On Friday, a close expert observer of the Watada case offered his view of what Wednesday’s mistrial signified in a brief comment. -- Francis Boyle, professor of law at the University of Illinois, wrote in no uncertain terms that the judge in the court-martial of Lt. Ehren Watada “realized he had lost control” of the case and that his effort to exclude Lt. Watada’s defense from the trial had failed, and therefore “used the stipulation as a pretext to call a mistrial and avoid a serious defeat for the Army” because “there was a good chance the jury would acquit Lt Watada of one, more, or all charges,” which would have been “a great blow to the Pentagon, the Bush Administration, and the continuance of the war.” -- Boyle attributed to JAG, i.e. the Judge Advocate General’s Corps (the Army’s lawyers), the creation of two “obstacles” to the railroading of Lt. Watada: (1) charges that made it impossible to exclude the arguments he wished to use in his defense at the court-martial, and (2) witnesses who “directly confirmed the relevance of these legal arguments.” -- Boyle was a witness at the Article 32 (pretrial) hearing of Lt. Watada held at Fort Lewis in August 2006....
GREAT BLOW TO PENTAGON IN COURT-MARTIAL PROCEEDINGS: LT. WATADA MISTRIAL A GREAT VICTORY
By Francis A. Boyle
February 9, 2007
Lt. Watada's basic defense under international law, U.S. Constitutional law, the laws of war, and U.S. Army Field Manual 27-10 (1956) is set forth below. You can read it for yourself and draw your own conclusions. On 16 January 2007 Judge Head had ruled that none of these arguments could be made at the general court-martial (GCM) proceeding itself. It was clear that the Army was planning to railroad Lt. Watada. The obstacle to doing this was that JAG had brought charges that made these legal arguments impossible to exclude at the GCM.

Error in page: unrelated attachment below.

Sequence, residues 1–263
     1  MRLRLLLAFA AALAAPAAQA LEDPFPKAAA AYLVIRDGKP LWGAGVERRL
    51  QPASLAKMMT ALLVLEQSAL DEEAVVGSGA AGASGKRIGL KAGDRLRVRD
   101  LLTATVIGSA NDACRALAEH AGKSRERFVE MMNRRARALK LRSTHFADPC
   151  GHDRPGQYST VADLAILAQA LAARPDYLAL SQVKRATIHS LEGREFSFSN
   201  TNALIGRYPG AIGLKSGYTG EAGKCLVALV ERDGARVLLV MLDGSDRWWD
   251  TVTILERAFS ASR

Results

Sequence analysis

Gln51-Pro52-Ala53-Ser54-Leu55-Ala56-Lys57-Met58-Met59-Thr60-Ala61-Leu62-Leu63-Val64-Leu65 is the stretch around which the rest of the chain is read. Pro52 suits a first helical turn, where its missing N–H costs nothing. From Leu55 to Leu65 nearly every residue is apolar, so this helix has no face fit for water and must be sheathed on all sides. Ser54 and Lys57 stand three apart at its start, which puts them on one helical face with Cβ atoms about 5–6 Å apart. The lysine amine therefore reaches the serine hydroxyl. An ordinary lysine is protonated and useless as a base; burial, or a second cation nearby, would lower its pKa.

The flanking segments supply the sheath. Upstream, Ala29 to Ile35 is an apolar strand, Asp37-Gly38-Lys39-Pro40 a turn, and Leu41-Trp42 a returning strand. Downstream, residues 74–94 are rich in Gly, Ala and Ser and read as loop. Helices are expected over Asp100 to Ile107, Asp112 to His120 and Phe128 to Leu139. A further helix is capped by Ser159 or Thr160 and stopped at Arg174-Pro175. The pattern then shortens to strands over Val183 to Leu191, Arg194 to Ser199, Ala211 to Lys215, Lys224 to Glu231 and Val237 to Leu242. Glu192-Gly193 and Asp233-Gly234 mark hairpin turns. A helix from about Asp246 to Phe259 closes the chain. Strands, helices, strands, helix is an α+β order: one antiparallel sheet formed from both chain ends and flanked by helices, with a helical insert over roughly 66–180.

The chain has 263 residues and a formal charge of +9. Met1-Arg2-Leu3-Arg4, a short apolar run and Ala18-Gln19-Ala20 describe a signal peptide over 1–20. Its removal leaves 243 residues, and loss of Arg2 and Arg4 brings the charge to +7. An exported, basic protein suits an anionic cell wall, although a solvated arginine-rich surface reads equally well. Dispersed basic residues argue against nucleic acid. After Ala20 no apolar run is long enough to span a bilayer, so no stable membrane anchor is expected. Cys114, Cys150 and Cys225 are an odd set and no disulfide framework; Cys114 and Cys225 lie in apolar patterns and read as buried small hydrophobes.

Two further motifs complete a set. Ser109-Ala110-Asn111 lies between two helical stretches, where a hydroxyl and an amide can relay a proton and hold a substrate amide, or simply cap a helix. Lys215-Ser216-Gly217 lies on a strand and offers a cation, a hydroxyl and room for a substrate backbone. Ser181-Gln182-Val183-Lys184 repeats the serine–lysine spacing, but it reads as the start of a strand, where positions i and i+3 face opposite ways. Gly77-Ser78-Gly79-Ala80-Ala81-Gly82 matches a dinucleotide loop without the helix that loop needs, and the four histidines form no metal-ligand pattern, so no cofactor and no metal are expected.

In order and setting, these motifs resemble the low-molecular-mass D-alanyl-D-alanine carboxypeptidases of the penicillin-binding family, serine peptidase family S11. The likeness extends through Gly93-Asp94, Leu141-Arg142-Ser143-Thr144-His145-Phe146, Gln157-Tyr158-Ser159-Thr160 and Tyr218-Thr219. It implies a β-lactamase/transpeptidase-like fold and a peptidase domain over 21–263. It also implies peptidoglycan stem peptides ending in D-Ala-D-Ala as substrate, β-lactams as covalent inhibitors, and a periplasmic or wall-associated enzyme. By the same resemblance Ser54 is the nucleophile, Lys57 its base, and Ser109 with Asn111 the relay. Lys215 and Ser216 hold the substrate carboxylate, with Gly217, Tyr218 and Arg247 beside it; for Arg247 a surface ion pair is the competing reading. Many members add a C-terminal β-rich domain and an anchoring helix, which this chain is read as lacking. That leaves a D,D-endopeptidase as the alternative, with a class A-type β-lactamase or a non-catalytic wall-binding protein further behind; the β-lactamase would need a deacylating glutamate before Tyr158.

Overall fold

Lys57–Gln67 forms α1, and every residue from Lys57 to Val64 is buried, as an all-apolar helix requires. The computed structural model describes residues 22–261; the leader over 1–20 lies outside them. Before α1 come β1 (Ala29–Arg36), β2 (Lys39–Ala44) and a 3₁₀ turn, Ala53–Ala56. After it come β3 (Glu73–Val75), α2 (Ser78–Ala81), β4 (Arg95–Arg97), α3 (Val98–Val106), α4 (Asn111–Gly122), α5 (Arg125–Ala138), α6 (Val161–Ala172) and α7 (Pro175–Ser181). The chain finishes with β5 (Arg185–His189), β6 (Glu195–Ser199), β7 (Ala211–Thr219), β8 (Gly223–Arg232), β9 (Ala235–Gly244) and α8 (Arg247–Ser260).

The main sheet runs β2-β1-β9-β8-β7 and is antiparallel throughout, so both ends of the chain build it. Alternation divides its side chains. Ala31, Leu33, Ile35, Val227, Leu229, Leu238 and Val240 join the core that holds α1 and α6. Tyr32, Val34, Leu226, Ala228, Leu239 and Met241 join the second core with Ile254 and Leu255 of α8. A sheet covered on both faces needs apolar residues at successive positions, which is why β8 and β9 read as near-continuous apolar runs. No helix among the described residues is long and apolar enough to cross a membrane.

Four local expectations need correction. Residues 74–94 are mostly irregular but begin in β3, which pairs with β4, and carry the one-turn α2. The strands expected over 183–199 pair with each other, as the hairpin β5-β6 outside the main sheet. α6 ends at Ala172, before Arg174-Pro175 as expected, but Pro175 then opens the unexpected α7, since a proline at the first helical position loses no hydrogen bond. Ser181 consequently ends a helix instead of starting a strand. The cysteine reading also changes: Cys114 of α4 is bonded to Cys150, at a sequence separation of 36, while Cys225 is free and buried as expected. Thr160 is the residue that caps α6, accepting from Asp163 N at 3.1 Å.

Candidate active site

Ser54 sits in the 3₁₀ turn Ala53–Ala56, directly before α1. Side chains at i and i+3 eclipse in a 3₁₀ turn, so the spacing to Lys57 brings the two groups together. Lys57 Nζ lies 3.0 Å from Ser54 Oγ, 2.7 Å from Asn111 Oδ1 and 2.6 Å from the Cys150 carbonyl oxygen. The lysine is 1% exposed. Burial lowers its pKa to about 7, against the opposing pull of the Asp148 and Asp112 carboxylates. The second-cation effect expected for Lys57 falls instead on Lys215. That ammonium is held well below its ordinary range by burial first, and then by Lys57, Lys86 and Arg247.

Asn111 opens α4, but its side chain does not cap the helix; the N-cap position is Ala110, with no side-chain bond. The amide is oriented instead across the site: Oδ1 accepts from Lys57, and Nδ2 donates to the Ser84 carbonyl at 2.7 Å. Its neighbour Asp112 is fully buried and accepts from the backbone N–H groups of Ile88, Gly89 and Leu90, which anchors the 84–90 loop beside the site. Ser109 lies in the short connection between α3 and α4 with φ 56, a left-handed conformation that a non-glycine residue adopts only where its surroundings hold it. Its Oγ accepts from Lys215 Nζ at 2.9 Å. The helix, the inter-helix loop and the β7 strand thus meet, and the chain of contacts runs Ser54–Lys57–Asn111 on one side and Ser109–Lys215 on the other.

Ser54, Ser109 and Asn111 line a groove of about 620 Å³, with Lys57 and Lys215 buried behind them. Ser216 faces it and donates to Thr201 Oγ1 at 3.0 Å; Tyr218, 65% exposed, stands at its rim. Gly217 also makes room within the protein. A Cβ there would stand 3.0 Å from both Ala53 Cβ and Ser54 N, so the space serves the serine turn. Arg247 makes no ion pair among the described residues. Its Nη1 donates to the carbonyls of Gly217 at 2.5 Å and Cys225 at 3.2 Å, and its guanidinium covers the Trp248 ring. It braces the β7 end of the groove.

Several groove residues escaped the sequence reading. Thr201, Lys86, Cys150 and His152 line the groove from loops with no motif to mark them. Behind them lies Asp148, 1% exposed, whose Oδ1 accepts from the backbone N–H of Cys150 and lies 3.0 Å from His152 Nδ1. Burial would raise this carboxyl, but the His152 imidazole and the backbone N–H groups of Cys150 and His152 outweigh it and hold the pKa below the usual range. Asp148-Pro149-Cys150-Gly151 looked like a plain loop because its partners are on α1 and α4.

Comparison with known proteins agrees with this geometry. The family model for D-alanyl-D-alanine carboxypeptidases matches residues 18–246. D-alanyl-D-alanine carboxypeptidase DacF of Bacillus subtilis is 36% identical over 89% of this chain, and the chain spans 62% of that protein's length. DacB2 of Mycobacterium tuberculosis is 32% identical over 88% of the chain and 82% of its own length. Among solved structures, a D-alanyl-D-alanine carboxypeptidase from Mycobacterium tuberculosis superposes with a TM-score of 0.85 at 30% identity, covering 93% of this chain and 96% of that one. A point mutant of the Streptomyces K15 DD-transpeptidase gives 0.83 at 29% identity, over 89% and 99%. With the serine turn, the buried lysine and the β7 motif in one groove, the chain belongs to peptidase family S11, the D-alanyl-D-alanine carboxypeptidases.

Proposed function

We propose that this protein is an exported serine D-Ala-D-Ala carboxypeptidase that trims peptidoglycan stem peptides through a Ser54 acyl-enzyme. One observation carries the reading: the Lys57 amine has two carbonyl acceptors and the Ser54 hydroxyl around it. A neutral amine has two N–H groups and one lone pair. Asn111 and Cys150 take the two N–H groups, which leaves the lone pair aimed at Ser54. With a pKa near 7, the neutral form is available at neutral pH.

In addition, at the GCM itself JAG put on prosecution witnesses that directly confirmed the relevance of these legal arguments to the defense of Lt. Watada and in his favor. In addition, his attorney Eric Seitz did a brilliant job in cross-examination of the JAG witnesses to bring out the relevance of these legal arguments to Lt. Watada's defense and in his favor.
And then Lt. Watada was about to take the stand on his own behalf and explain to the jury that he did not deploy to Iraq because he believed the war to be illegal. Judge Head realized that he had lost control of the railroad; that these legal arguments were going to get to the jury; and that there was a good chance the jury would acquit Lt Watada of one, more, or all charges. So Judge Head used the stipulation as a pretext to call a mistrial and avoid a serious defeat for the Army.
Under no circumstances was Head motivated to protect the due process rights of Lt. Watada, which he had already violated grievously on 16 January 2007. Head's argument on the stipulation is completely bogus. Seitz and Watada and Head and JAG knew exactly that he was stipulating to facts only, not to criminal intent. But Head used the stipulation as a pretext to abort a prosecution that he knew the Army had a very good chance of losing with the jury.
Head pulled the plug on the JAG case because he realized that if Lt. Watada was acquitted on any of these charges, which was quite likely, it would be a great blow to the Pentagon, the Bush Administration, and the continuance of the war. So Head declared a mistrial. The problem is that by then the JAG case was closed, Lt. Watada was about to testify on behalf of his defense, so jeopardy had attached and thus a re-prosecution would be barred by the Double-Jeopardy Clause. But as Head saw it, that would be a lot better for the Army, the Pentagon, Bush, and the War than a defeat for them all at the GCM.